Robotic pills could monitor cow health internally

1 min read

Engineers in the US have developed a robotic pill that could move between the stomach chambers of cows and report on the animals’ health.

robotic pills
The prototype demonstrates the circuitry and manufacturing technology being developed for the robotic pill (Credit: Purdue University photo/Rebecca Wilcox)

The prototype device is made from polymers and has six legs to allow it to manoeuvre internally between a cow’s four different stomach compartments. Sensors would report on the digestive health of the animal, with data relayed to a receiver worn around the cow’s neck. If applied across a herd of cattle and combined with software and artificial intelligence, the robotic pills could lead to better agricultural practices and efficiency gains, according to the researchers.

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“In crop agriculture, we don’t care about individual ears of corn or grains of wheat compared to an entire field,” said robotics research lead Richard Voyles, a professor of electrical engineering technology in the Purdue Polytechnic Institute. “But we care about individual cows or pigs. Each individual animal eats differently and gets sick differently.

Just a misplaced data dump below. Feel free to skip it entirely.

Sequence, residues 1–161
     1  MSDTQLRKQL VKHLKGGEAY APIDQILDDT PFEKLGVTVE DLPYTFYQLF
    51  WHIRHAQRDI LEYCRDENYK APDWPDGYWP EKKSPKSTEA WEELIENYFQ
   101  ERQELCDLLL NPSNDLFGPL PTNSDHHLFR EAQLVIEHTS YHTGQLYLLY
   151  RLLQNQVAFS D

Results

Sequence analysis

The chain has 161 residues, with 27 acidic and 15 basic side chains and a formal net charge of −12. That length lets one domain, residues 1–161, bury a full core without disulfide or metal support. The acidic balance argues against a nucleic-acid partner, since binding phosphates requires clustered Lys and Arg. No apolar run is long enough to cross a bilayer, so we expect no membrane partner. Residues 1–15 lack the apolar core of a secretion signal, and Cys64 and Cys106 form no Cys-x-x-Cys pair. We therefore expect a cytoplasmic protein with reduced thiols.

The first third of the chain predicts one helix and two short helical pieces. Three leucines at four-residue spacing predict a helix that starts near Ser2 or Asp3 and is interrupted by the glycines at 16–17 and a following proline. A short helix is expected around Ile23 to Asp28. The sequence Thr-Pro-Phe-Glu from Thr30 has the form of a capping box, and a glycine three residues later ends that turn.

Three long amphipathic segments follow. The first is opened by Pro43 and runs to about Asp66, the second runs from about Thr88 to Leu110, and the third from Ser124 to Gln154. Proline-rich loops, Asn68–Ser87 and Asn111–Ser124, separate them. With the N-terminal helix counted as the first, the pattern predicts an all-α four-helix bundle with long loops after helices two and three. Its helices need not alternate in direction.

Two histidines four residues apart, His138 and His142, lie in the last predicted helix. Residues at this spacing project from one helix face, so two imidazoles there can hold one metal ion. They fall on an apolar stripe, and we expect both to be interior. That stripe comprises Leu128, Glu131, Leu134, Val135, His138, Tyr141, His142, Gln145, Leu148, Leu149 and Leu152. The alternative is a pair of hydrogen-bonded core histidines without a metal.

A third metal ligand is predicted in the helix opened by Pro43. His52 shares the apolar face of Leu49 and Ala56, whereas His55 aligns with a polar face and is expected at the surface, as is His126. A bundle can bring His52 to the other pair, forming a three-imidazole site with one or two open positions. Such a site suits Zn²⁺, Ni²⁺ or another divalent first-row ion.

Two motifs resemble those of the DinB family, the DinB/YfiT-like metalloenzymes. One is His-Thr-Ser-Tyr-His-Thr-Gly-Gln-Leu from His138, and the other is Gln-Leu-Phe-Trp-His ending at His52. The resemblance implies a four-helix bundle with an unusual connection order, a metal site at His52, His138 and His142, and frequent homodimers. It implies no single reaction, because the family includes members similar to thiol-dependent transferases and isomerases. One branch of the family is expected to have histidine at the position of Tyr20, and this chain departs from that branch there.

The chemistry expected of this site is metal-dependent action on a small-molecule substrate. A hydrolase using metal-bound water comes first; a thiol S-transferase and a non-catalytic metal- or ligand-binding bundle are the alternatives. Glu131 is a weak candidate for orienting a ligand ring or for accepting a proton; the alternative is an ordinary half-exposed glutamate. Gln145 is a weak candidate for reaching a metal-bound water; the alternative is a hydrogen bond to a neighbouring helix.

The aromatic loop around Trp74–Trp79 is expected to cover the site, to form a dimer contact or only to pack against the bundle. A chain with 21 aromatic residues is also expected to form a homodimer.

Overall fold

“The point is, treating animals well increases productivity by as much as 15 per cent. It’s a substantial increase.”

Voyles is working with other researchers, including animal scientists, exploring new locomotion methodology for the robots. The environment they will operate in requires the robotic pills to be very low power and rely on external sensing, powering and recharging.

“We need to be able to move those robots around so that we have a sense at all levels of what’s going on in there to really understand things,” Voyles explained.

“Cow stomachs are constantly experiencing contractions and are moving stuff around as they convert indigestible to digestible protein. We really need to stay inside the stomach chamber because it’s very complex, very stratified. But what happens is the pill always ends up in the wrong place if they are not robotic.”

The internal robots could allow farmers to pinpoint sickness within the herd, eliminating the need to treat large numbers of cattle with antibiotics. Improving herd health also has knock-on effects for productivity, which in turn has environmental benefits, according to Voyles.

“There’s an important aspect of sustainability in there when you talk about this,” he said. “If you can improve the health and productivity of the animals, you can reduce methane. You can also optimise their water use and land use while improving their well-being.”